On Thursday we went to Dana Farber for Chuck’s weekly appointment, and as soon as his nurse saw him she immediately started him on IV fluids. They gave him 2 liters of fluids over a 4 hour period of time, which rehydrated him made him feel a little bit better. In one week he had lost over 15 pounds, and had become pretty severely dehydrated. While he was getting fluids his doctor came to see him, and she was concerned about how sick the AZD trial drug was once again making him. She said that if he didn’t show signs of improvement soon we might need to think about taking him out of the trial. She said it is so hard to tell just how much affect the trial drug is having on his tumor – she said it could all be the chemo and radiation keeping the tumor at bay, or it could be the trial drug – there is just no way to know. Chuck really wants to stay in the trial if at all possible, so his doctor upped his anti-nausea and anti-diarrhea prescription meds in hopes of calming his system down enough so that he could take in a little nourishment. So far the higher dose is helping some, but Chuck has absolutely no appetite and is still really tired and sleeping all of the time. My hope is that this is mostly due to the stressful traveling we did earlier this week, and by next week he will feel better and get some of his energy and appetite back. Keep your fingers crossed for us…

Chuck and I were supposed to have traveled to Watkins Glen New York this past weekend to attend the Farm Sanctuary Hoe Down, and to welcome our dearest friends who did the 300 mile walk/ride event for Chuck this week, but we sadly had to make the decision not to go due to Chuck being too sick and weak. It broke our hearts not to be there – and we miss all of our friends and the farm so much. But, we were there in spirit, and my mother and sister Jessie were there to welcome the walkers with open arms. A million thanks to Jenn, Casey, Zoe, Todd, Denise, Merrick, Greg, Bryce, Mike and Patty for completing this marathon event in honor of Chuck. We love you all so much!!

Chuck 300 Ends Tomorrow!

Hello dear friends and supporters of Chuck and Jen,

The 300 Miles For Chuck team has made it safely back home after a long and amazing journey on bike and on foot from Washington DC to Watkins Glen, NY. We've raised over $11,000 for Chuck and Jen, but we are still short of our goal. The fundraiser officially ends tomorrow, and I don't expect that we'll make it to 100%, but with your help, we can push the meter a few points higher. Please donate if you can and spread the word.

To make a donation, visit www.giveforward.org/walkforchuck.

To read more about the Chuck 300, visit www.chuck300.com!

With sincere gratitude,

Casey Martinson

Sunday, July 12, 2009

Great News, Wonderful Retreat

I have much, much better news to report this week. Giving Chuck a one week hiatus from the AZD (the trial drug) and then reducing his dose made all of the difference in the world and Chuck is starting to feel much, much better. He is still pretty weak and needs to eat a plain diet – but all in all is feeling like himself again.

On Friday, July 10, we spent the day at Dana Faber and Chuck received his post radiation MRI. This was Chuck’s new baseline MRI - what the doctors will base his next round of treatment on, and the results couldn’t have been better. The swelling in his brain has gone down significantly, his right ventricle has bounced back to normal size (the ventricle is the part of the brain where spinal fluid is produced and stored – before his first surgery his right ventricle had completely disappeared because of the swelling in his brain), and the tumor was smaller in size and bulk. We are overjoyed by these results, and his doctor told us that we couldn’t hope for a better response to treatment She said that they are happy when the tumor responds to treatment by staying the same, or even growing at a slower rate – so to have Chuck’s tumor shrink is amazing. Yay!!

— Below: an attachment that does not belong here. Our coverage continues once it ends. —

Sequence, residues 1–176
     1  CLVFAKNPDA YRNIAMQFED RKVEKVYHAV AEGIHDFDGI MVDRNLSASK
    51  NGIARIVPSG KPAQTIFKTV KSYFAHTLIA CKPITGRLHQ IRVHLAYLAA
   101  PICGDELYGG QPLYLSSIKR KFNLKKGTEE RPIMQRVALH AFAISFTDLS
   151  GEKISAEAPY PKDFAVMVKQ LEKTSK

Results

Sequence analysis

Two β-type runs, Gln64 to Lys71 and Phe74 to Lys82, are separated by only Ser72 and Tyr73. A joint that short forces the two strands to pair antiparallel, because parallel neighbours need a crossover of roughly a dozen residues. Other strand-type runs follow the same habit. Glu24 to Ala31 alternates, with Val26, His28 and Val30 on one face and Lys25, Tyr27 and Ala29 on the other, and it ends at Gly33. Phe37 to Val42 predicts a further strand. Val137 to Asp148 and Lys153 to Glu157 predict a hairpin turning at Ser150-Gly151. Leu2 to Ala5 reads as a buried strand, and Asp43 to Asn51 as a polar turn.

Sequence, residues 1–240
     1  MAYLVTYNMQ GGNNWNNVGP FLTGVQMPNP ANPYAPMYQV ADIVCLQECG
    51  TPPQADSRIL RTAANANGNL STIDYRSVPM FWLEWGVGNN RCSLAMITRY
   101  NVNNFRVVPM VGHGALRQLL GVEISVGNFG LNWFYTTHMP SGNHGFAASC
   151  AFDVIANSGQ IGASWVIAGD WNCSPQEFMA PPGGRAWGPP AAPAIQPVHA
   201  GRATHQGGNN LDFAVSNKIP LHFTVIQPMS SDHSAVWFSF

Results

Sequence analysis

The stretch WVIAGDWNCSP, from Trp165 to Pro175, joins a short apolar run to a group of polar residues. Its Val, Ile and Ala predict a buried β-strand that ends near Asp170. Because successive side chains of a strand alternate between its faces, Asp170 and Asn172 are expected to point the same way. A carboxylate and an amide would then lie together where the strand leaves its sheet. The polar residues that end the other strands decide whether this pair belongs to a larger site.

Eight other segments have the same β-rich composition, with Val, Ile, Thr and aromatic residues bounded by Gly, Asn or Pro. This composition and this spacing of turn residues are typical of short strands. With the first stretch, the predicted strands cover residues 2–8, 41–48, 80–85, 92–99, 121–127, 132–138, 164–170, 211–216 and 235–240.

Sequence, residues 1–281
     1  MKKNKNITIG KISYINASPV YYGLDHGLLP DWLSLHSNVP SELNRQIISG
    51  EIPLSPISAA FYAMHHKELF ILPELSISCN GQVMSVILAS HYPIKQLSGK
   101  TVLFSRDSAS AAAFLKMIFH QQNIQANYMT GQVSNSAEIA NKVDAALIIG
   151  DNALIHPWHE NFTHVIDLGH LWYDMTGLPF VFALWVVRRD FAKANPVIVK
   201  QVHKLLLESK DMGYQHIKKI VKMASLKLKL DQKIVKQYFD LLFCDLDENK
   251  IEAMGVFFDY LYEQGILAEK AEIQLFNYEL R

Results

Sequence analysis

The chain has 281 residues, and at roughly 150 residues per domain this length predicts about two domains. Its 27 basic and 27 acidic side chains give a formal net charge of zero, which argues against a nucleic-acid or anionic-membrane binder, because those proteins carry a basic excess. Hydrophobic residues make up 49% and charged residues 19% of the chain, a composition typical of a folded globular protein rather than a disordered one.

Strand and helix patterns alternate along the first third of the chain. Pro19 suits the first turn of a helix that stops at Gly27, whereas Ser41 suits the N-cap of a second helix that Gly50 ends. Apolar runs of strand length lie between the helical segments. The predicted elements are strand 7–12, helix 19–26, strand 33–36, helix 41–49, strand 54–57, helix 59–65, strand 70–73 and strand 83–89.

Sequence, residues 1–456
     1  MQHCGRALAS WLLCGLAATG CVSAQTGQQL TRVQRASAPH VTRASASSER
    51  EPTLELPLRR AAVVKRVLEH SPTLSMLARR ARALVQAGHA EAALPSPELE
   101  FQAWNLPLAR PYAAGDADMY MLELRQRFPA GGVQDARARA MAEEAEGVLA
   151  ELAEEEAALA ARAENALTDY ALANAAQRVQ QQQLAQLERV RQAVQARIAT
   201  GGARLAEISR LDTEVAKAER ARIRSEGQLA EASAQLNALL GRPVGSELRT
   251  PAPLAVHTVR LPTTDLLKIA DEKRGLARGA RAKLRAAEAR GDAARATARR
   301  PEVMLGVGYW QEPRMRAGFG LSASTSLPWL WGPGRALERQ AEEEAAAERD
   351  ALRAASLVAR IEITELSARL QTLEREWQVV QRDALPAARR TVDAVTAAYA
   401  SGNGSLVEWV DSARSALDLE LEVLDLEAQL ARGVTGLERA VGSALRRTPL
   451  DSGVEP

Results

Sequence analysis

On Friday night Chuck also started his second round of chemo, which is double the dose of last time. The chemo can have some pretty nasty side effects, but so far Chuck is feeling ok and seems to be tolerating the drug well.

We also have some more exciting news – on Monday morning Chuck and I leave for a two week cancer retreat!! We are SO excited, and can’t wait to get away (esp from the hospital) to get some well earned R&R. This retreat, located on the beautiful island of Hawaii, specializes in retreats for people with advanced cancer, and they have a wonderful, supportive program that offers a holistic blend of ancient and modern Western, Eastern and alternative healing therapies. We want to give a special THANK YOU to all of our wonderful friends and family that helped to make this happen for us. We are both so excited and know that this special retreat is going to help aid in Chuck’s recovery. We promise to take a ton of pictures which we will post as soon as we return at the end of July.

When we return from the retreat our friends will already be on day two of the Walk! We are so thankful that we have such an amazing, supportive group of friends, and feel so lucky to have them in our lives. We love you guys!!

Friday, June 26, 2009

A brief update

Sorry I haven’t posted to the blog in a while, Chuck has been having an increasingly hard time tolerating AZD, the trial drug. He hasn’t been able to eat more than a cup or two of food every day and the only food that his body can tolerate are plain, white carbs (white bread, white rice, etc). And because he has been getting so sick every time he eats he has become dehydrated – so when we were at the hospital yesterday they gave him 2 liters of IV fluids, which made him feel a lot better. The other side effects he has been experiencing are extreme fatigue and his gums have started bleeding – both common side effects from the trial drug and radiation. After meeting with his doctor’s and the trial coordinator yesterday afternoon it was decided that Chuck will take a short 1 week break from the AZD, to see if we can get the side effects better under control. They will then see how he is feeling next Thursday and will decide whether or not to put him back on the AZD, or if they should lower his dose, or put him back on his original high dose. At this point we are weighing quality of life – being able to eat and be awake and feeling ok, with the benefits of being on the AZD – hopefully slowing down the growth of the tumor. It is incredible frustrating and heart wrenching, and it kills me to see Chuck suffering. He has been a trooper through it all, but I know he is getting tired of all of the stomach problems, the sleepiness, and not being able to “do anything”, like go for a walk or go out to eat or visit with friends. Hopefully taking a break from the AZD for a little while will bring his body some relief, and he will be able to get back into living his life.